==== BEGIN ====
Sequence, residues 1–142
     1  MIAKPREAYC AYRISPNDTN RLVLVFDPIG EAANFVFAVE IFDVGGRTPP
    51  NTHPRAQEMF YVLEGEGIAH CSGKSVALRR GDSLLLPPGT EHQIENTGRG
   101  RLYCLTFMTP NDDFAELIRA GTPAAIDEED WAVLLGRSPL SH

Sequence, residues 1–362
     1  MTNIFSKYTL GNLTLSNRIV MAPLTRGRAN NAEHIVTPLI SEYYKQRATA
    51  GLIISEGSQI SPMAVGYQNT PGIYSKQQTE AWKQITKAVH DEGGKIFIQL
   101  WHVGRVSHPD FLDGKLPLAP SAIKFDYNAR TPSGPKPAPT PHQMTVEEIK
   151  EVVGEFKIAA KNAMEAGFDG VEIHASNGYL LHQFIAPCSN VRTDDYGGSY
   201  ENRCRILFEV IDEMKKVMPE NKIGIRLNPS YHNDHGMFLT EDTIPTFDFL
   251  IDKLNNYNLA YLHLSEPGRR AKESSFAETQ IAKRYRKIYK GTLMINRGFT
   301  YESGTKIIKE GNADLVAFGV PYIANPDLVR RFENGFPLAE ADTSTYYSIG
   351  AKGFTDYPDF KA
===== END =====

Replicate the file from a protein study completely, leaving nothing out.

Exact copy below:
Sequence, residues 1–142
     1  MIAKPREAYC AYRISPNDTN RLVLVFDPIG EAANFVFAVE IFDVGGRTPP
    51  NTHPRAQEMF YVLEGEGIAH CSGKSVALRR GDSLLLPPGT EHQIENTGRG
   101  RLYCLTFMTP NDDFAELIRA GTPAAIDEED WAVLLGRSPL SH

Sequence, residues 1–362
     1  MTNIFSKYTL GNLTLSNRIV MAPLTRGRAN NAEHIVTPLI SEYYKQRATA
    51  GLIISEGSQI SPMAVGYQNT PGIYSKQQTE AWKQITKAVH DEGGKIFIQL
   101  WHVGRVSHPD FLDGKLPLAP SAIKFDYNAR TPSGPKPAPT PHQMTVEEIK
   151  EVVGEFKIAA KNAMEAGFDG VEIHASNGYL LHQFIAPCSN VRTDDYGGSY
   201  ENRCRILFEV IDEMKKVMPE NKIGIRLNPS YHNDHGMFLT EDTIPTFDFL
   251  IDKLNNYNLA YLHLSEPGRR AKESSFAETQ IAKRYRKIYK GTLMINRGFT
   301  YESGTKIIKE GNADLVAFGV PYIANPDLVR RFENGFPLAE ADTSTYYSIG
   351  AKGFTDYPDF KA